Authentication and identity management can easily become a very complex task. Service providers can face the following challenges when developing their Identity Management (IdM) and authentication subsystem:

Storage of user accounts must be correctly implemented. Complex security requirements for credential storage must be fulfilled.

Users may need an extremely sensitive password reset functionality.

New users should be offered a registration form. Sometimes different forms may be needed for different user categories.

Certain level of information about user must be maintained: some is needed for password reset, other data is needed by relaying applications (e.g. authorization privileges) and yet different may be required for accounting and identification purposes.

Security sensitive sites may need strong authentication. While password strength measurement is fundamental, more sophisticated solutions, as multi-factor authentication (MFA), are becoming more and more popular.

Growing number of users require grouping, sorting, searching and maintenance automation.


The above described identity management challenges are not the only ones that authentication systems need to address. The another big problem area is integration:

with external identity providers as Google or Facebook (“let’s allow our customers to login with their existing … account”),

with the exiting on site identity directories (“we want to integrate the system with our existing AD server”),

with the federations of identity providers (usually build on top of SAML protocol),

with clients which should be able to authenticate their users securely, without even seeing the user’s credential, using a preferred authentication protocol,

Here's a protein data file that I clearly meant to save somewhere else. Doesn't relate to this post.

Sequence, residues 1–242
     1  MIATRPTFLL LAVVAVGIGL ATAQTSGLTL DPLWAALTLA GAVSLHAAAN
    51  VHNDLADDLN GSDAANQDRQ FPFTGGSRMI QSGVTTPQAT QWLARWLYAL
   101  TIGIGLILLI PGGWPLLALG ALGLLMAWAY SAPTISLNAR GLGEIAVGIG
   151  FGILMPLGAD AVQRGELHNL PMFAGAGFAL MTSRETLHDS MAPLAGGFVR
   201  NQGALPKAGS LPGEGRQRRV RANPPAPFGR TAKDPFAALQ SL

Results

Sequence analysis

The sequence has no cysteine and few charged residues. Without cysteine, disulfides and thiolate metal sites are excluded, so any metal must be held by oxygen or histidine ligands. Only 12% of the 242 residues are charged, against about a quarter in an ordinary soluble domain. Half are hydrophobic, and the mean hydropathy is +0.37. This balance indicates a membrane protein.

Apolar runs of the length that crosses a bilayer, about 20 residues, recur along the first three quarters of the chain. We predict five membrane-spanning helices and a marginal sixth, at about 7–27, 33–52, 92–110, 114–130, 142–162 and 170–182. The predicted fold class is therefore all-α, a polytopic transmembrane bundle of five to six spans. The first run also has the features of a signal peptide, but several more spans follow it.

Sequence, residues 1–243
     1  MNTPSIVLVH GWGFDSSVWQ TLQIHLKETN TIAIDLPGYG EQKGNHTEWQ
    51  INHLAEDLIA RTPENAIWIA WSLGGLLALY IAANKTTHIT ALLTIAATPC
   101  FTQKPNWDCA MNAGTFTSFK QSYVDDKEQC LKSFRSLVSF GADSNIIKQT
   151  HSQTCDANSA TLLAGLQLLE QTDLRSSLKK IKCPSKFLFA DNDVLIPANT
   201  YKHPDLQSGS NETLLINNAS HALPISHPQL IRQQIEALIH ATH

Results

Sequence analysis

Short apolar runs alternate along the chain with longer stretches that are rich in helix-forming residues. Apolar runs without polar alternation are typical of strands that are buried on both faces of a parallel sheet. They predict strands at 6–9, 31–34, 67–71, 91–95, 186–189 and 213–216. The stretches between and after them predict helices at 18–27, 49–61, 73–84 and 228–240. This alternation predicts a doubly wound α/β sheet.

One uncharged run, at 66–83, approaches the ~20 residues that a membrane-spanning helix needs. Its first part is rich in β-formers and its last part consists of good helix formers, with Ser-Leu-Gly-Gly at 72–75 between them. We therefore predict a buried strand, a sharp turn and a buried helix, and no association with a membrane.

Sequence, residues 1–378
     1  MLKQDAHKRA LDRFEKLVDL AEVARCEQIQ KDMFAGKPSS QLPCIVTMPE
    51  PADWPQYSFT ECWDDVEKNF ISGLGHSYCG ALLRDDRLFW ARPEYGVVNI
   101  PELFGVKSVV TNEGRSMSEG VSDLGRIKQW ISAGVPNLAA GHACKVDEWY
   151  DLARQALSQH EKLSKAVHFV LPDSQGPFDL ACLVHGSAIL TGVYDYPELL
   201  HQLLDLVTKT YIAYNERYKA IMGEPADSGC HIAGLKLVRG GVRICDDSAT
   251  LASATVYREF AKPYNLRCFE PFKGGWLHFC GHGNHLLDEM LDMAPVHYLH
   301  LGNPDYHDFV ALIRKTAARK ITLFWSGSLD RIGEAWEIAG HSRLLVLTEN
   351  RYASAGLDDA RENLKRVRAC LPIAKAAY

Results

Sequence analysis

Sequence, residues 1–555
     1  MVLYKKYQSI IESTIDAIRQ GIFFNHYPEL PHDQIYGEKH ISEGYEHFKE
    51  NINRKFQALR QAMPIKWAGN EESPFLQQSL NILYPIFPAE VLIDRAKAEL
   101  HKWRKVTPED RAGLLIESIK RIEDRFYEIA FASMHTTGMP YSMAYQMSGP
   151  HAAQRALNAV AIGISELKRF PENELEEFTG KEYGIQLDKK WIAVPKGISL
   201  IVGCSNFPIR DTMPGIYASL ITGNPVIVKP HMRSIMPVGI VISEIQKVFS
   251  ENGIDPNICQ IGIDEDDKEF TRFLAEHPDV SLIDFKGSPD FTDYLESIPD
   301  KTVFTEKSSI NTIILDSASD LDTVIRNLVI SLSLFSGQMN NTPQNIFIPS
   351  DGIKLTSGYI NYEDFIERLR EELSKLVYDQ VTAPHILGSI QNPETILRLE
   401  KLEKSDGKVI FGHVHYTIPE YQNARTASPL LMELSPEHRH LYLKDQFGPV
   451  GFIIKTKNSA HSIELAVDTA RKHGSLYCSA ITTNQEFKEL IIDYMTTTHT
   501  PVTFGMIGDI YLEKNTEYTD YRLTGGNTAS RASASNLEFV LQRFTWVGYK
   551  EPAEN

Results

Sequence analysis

or other way round, with clients which should be able to authenticate their users as simply as possible without an overhead of secure redirect-style authentication.


Unity allows its users to enable authentication (or login) to their web services using various protocols, with different configurations for many relaying parties.

The actual authentication can be performed using the built-in, feature-rich users database or can be delegated to one of supported upstream identity providers (IdPs).

The information obtained from upstream IdPs can be flexibly translated and merged with the local database (if needed) and re-exported using other protocols.

What is important to underline here: Unity is MORE yet than another bundle of several, coupled together systems. It is a solution built from the ground up. All pieces perfectly fit together. Startup is fast. Administration of all parts is performed in the same style. And the whole solution is fully web and cloud ready.

Unity can authenticate both locally and using authentication protocols. Authentication can be performed locally or delegated to external service.


General Unity use case scenario